Mexico City — Realizing competition from big supermarket chains would eventually put their small grocery store, which had been in the family for three generations, out of business, Omar Sotelo Ceja and his father, Antonio, decided to launch their own injection blow molding company.
Twelve years later, Fábrica de Envases Socesa SA de CV produces 4 million to 5 million PET preforms a month in the picturesque colonial city of Morelia, capital of the Mexican state of Michoacan, and employs a full-time team of 60.
FES supplies the food and pharmaceutical industries with containers ranging in size from 200 milliliters (6.7 fluid ounces) to 10 liters (338 fluid ounces), produced on eight machines supplied by Japanese and Canadian companies. It imports the bottles' polypropylene caps from a supplier in Peru. It also supplies some thermoformed packaging.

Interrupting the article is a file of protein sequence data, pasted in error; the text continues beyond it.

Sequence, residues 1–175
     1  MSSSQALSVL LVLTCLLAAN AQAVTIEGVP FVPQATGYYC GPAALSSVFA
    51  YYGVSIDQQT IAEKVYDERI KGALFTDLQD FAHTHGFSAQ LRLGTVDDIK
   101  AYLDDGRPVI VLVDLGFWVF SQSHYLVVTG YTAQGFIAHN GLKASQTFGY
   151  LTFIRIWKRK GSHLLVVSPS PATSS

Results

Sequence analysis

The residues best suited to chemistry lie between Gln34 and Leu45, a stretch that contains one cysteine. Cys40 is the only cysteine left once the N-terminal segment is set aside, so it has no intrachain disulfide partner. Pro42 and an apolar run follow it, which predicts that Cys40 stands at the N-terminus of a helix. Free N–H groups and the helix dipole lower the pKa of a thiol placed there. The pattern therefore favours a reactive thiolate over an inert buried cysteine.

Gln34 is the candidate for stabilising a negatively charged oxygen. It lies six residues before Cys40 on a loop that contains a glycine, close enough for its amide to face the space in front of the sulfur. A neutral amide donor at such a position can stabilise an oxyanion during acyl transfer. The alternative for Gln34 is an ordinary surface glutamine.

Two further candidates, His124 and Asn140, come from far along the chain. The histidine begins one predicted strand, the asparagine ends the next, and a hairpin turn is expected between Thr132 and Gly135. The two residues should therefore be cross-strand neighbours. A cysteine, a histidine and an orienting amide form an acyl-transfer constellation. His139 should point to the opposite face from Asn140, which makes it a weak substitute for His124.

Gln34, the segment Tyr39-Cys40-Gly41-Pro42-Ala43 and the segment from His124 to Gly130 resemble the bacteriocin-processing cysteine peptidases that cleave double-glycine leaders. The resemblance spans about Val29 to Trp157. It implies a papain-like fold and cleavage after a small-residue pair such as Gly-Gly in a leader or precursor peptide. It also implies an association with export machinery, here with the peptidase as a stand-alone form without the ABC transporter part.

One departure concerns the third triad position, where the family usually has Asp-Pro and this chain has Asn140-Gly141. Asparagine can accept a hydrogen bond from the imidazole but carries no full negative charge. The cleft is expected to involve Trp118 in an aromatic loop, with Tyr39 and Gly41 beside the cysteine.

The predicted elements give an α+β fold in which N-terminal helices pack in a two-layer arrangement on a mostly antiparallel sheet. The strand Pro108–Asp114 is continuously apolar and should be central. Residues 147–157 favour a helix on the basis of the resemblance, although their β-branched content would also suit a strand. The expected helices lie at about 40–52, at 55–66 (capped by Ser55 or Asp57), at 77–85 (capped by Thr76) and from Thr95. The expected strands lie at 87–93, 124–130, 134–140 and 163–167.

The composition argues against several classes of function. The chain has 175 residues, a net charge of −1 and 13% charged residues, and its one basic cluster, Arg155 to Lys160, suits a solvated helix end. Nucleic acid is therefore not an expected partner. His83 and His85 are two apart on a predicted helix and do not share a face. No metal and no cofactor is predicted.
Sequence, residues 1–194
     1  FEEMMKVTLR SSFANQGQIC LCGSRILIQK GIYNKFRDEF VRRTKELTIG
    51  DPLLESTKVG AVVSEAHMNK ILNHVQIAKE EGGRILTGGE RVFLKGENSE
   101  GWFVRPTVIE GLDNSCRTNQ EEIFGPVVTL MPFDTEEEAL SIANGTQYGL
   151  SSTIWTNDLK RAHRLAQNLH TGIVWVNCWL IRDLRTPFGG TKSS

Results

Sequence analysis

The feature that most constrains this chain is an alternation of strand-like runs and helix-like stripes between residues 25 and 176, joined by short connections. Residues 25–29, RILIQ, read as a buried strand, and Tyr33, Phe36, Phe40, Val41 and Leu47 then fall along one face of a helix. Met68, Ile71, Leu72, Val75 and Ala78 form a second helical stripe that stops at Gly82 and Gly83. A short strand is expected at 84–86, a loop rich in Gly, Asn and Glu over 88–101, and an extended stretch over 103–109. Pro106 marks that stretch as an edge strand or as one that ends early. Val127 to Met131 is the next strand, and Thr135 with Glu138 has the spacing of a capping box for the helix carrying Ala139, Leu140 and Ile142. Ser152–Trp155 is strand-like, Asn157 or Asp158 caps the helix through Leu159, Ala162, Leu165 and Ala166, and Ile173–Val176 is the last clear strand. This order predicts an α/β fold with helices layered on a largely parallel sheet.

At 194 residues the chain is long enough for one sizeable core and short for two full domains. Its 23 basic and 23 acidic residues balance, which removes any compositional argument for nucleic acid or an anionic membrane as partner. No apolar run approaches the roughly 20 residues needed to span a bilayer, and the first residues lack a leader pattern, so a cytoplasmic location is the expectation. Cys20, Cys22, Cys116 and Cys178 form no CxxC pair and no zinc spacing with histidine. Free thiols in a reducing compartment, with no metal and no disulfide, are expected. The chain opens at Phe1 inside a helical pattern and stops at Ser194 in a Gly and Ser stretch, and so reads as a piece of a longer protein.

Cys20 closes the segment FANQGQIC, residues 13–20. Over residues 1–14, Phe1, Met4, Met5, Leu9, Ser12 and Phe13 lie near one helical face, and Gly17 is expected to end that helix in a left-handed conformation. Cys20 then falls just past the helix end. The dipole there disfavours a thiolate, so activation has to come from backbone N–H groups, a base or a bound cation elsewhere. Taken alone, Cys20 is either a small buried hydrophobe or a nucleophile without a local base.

For security reasons, Omar Sotelo did not wish to be photographed when Plastics News met him at Expo Pack México, held at the Santa Fe Expo in Mexico City in early June.
Michoacan is among Mexico's five most violent states, with the U.S. State Department warning its citizens in January not to travel there. Sotelo was just as reluctant to divulge the names of FES's equipment suppliers.
But he did reveal that "our plans are to get into [polyethylene] extrusion. Michoacan has a lot of agriculture and it's a big market."
The state is one of the world's largest producers of avocados, which it exports primarily to the United States. Other major crops include guavas, blackberries, chickpeas, lemons, sesame and sorghum.
The FES factory complex covers 64,500 square feet and Sotelo and his closest collaborators, including Sales Manager Germán Gómez and chemical pharmacologists Leidy Maximiliano, Liz Aide Villa Morales and Claudia Erandi, are looking forward to the future.
"Supermarket competition almost made our grocery business, which my grandfather started, disappear," said Sotelo. "We're going down a different path and we're optimistic."